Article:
• Fritillary: These butterflies prefer violets for food. They share their name with a flower, possibly because of the characteristic checkered pattern on both. The name “fritillary” is used to describe several butterfly groups, such as the Gulf fritillary. Another group is known as the great spangled fritillary. Regardless of the different names, these insects can be found in fields, valleys, and even on mountains. They like moist and warm locations. These butterflies are quite plentiful across North America and planet Earth.
  • Monarch Butterfly: This beautiful insect is known for yearly migrations from the United States and Canada down to Mexico. Other common names for the monarch butterfly include: milkweed, black veined brown, wanderer, and common tiger. Although the monarch population has declined, the butterfly is not currently listed as endangered. Yet, scientific estimates indicate approximately 225 million are needed to stabilize the population of these insects. The monarch butterfly is recognized as a useful pollinator; but much of the insects' habitat has been loss due to herbicides. However, the monarch butterfly has been bred aboard the International Space Station.

  • Painted Lady: The painted lady is seen across the globe, except for a few places. It is frequently called the “cosmopolitan butterfly” because of its ubiquitous nature. The painted lady butterfly is part of a family of insects known as “brush foot” butterflies. These colorful insects dine on any number of fruits and vegetables, including oranges, okra, and water melons. During migration, painted lady butterflies can travel about 100 miles a day with maximum speeds of about 30 mph.
  • Swallowtail: The swallowtail butterflies are generally large. They may feed on a variety of plant life, including citrus blossoms. There are over 500 species of swallow tails with names such as: spicebush, black, and birdwing. The swallowtail butterflies are found around the world except for in the extreme northern and southern portions of the globe.

  • Cloudless sulphur: This butterfly is originally from Argentina, but it can be found throughout the southern U.S. During warmer seasons, many of these butterflies are scattered from Texas through North and South Carolina. This insect lays cream colored eggs which change to orange later. As a fully developed adult, the cloudless sulphur is yellow in color. The host for the cloudless sulphur is the pea plant or similar poisonous plants. This insect prefers environments such as parks, woodlands, and yards.

References

Gulf fritillary. (2019, May 13). Retrieved from https://en.wikipedia.org/wiki/Gulf_fritillary#Geographic_range

Monarch butterfly. (2019, May 07). Retrieved from https://en.wikipedia.org/wiki/Monarch_butterfly#Habitat_loss_due_to_herbicide_use

Swallowtail butterfly. (2018, December 26). Retrieved from https://en.wikipedia.org/wiki/Swallowtail_butterfly#In_culture

Comments

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  • Tim Truzy info4u profile imageAUTHOR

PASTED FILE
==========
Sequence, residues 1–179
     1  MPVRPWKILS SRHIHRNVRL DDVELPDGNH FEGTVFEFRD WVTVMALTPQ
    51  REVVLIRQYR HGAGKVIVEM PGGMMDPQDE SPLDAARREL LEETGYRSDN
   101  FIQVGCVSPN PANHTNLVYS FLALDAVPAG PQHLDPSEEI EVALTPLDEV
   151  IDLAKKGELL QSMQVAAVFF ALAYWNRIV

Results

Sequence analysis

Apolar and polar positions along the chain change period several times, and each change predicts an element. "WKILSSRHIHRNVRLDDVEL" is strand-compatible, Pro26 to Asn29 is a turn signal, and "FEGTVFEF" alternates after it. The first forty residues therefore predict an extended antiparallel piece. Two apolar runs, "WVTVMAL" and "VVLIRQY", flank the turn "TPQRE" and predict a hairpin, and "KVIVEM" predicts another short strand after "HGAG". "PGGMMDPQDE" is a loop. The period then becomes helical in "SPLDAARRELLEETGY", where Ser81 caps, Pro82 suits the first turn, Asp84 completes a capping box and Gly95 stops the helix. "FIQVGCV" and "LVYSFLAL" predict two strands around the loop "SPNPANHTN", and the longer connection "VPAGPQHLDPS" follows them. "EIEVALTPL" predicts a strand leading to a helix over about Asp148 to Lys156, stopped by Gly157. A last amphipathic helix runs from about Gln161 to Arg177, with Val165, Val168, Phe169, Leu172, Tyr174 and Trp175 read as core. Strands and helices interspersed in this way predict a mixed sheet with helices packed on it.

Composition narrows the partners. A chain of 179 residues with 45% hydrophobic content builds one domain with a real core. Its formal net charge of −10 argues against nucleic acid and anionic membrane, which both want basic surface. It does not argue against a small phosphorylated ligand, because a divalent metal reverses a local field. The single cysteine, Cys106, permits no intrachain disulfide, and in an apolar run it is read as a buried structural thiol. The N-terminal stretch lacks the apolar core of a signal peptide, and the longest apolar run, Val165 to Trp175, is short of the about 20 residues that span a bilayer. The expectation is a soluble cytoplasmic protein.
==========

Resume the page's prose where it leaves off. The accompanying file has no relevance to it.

Tim Truzy 

    3 weeks ago from U.S.A.

    On cool days, in a colony, butterflies can be seen climbing, trying to find warmth. As it cooled here, our butterflies took off further south. Those that stay become larvae until spring or die. Beautiful and mysterious. Thanks for visiting.

  • Tim Truzy info4u profile imageAUTHOR

    Tim Truzy 

    4 months ago from U.S.A.

    Thank you, Chitrangada Sharan . May your day be peaceful. Respect and admiration

  • ChitrangadaSharan profile image

    Chitrangada Sharan 

    4 months ago from New Delhi, India

    Very nice article and poem, with butterfly as the theme.

    Loved your butterfly pictures. Butterflies are beautiful creatures, in all the vibrant and lovely colours. Looking at your fun facts, I wasn’t aware of these beautiful names. Thank You for the information and thanks for sharing this excellent poem.

  • Tim Truzy info4u profile imageAUTHOR

    Tim Truzy 

    5 months ago from U.S.A.

    We just returned from visiting the western part of our state. Sitting on one of our recently planted coneflowers, a swallowtail greeted us when we arrived. It even allowed a quick photo session. Then, it lazily said good-bye. I love it when they visit. Thanks for reading.

  • Tim Truzy info4u profile imageAUTHOR

    Tim Truzy 

    5 months ago from U.S.A.

    Today, we went outside and saw several butterflies gathered on our flowers. They were swallowtails, and they were beautiful. Thanks for reading. Tim

  • Tim Truzy info4u profile imageAUTHOR

    Tim Truzy 

    5 months ago from U.S.A.

    Thanks, Nell. The red admirals sound interesting, and I will look them up. As always, to a kind writer,

    Admiration,

    Tim

  • Nell Rose profile image

    Nell Rose 

    5 months ago from England

    That was beautiful Tim! I loved the poem, butterflys are my favorite. I love them. over here we have Red Admirals, they are gorgeous.

  • Tim Truzy info4u profile imageAUTHOR

    Tim Truzy 

    5 months ago from U.S.A.

    Thank you, Genna. Your comment means a lot to me. I suppose the butterflies helped with this. I love poetry about nature, much like you do. To a talented, supportive, and kind writer/poet, respect and admiration, Tim